Mixed Signals From Moldova Karabakh Talks

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YEREVAN (Combined Sources)–Armenia and Russia said Friday that talks with Azerbaijan over the Nagorno-Karabakh conflict were “constructive” but made no mention of a potential breakthrough in the long-running conflict.

Azerbaijan’s president, however, said peace talks had been fruitless, contradicting previous statements by Russia. “As far as the key topics are concerned, both sides could not move towards an agreement, and the main reason for this was because the position of the Armenian side was unconstructive,” Azerbaijan President Ilham Aliyev told Azeri state television.

He was speaking after talks with Armenian President Serzh Sarkisian on the sidelines of a summit of ex-Soviet countries in the Moldovan capital, Chisinau. The talks were designed to iron out differences in a proposed Karabakh peace plan. .

The Armenian Presidency had issued a statement after the meeting, describing as positive the three-hour talks with his Azeri counterpart. “During the three-hour meeting, both sides demonstrated constructive attitudes for continuing negotiations on the conflict’s peaceful resolution,” the statement said.

The United States, French and Russian co-chairs of the Minsk Group, which is mediating the talks, similarly said the meeting showed negotiations were moving forward.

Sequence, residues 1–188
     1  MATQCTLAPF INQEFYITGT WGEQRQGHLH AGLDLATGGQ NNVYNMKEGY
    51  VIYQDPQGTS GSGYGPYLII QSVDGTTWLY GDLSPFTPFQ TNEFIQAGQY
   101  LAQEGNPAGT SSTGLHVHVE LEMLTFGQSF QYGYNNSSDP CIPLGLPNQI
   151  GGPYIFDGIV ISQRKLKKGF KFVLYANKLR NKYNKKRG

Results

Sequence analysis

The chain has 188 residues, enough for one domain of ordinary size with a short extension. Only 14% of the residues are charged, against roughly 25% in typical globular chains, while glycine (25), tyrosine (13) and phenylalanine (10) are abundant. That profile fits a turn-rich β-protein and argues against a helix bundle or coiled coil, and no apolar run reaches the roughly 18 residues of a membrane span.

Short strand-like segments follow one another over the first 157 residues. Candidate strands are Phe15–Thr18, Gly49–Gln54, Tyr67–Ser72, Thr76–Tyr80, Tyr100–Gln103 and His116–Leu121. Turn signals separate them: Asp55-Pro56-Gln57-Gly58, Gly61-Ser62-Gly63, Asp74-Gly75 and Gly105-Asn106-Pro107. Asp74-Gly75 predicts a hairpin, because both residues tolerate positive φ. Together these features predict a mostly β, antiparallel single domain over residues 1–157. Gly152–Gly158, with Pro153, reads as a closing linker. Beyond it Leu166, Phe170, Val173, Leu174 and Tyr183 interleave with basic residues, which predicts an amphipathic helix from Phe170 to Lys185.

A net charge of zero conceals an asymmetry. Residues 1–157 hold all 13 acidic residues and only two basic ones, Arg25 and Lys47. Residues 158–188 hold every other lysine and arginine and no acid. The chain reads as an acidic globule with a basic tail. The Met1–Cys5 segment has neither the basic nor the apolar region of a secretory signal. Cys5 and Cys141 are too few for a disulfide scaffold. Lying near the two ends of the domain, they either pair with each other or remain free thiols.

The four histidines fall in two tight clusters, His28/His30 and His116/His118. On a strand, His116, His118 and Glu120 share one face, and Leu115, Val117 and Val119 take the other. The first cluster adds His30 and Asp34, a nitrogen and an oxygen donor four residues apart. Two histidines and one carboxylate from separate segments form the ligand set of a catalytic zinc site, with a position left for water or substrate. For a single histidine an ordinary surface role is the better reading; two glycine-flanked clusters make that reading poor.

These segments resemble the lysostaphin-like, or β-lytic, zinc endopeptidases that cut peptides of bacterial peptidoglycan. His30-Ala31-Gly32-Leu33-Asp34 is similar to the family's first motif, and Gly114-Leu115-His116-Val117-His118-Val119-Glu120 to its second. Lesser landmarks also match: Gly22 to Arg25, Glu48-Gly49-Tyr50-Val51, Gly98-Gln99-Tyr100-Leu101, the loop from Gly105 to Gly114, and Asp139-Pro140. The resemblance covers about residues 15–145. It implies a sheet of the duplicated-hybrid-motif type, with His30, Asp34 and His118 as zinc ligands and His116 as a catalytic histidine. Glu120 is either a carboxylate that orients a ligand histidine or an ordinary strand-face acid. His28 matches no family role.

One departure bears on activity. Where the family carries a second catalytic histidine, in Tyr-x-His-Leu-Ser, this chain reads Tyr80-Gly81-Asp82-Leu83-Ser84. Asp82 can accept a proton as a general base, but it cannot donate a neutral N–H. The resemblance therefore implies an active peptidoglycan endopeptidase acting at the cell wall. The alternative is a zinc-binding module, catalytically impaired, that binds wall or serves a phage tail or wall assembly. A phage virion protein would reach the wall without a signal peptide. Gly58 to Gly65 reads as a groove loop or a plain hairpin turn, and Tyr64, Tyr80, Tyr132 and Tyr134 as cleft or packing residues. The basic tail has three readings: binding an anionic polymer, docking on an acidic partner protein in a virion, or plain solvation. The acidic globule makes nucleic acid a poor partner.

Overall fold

“This was the fifth meeting between the two presidents in the last 10 months and confirmed the positive dynamic of their negotiations,” the group said in a statement from Chisinau.

“The talks were constructive and serious, including an in-depth, line-by-line discussion of a number of points of the co-chairs’ proposals.”

Russian Foreign Minister Sergei Lavrov also suggested earlier that Azerbaijan and Armenia had moved towards resolving their differences over Nagorno-Karabakh.

Russian President Dmitry Medvedev met Aliyev and Sarkisian during the CIS summit on Friday.

Lavrov had said after the meeting that advances were being made “step by step”.

The U.S. embassy in Chisinau had said after hosting the meeting that the two Caucasus leaders had held constructive talks on Thursday about the region.

Thursday’s meeting came amid talks between Armenia and Azerbaijan’s close ally Turkey to normalize relations and open borders. The two countries are expected to sign a deal in Zurich on Saturday to establish diplomatic relations and open their border after decades of hostility.

U.S. Secretary of State Hilary Clinton is due to attend the Zurich signing ceremony.

But Turkish officials say to move forward on this, Armenia must agree to a resolution of the Karabakh conflict favoring Azerbaijan.

International mediators similarly say that a resolution to the Karabakh conflict would help smooth the way for the restoration of ties between Armenia and Turkey.

But analysts say political opposition in Armenia and the Diaspora to its president’s conciliatory policy on rapprochement with Turkey could force him to take a harder line on Nagorno-Karabakh.

Underscoring continued problems in restoring ties, around 60,000 people held a rally in the Armenian capital, Yerevan, on Friday and marched in protest against an accord meant to be signed between Armenia and Turkey this weekend.

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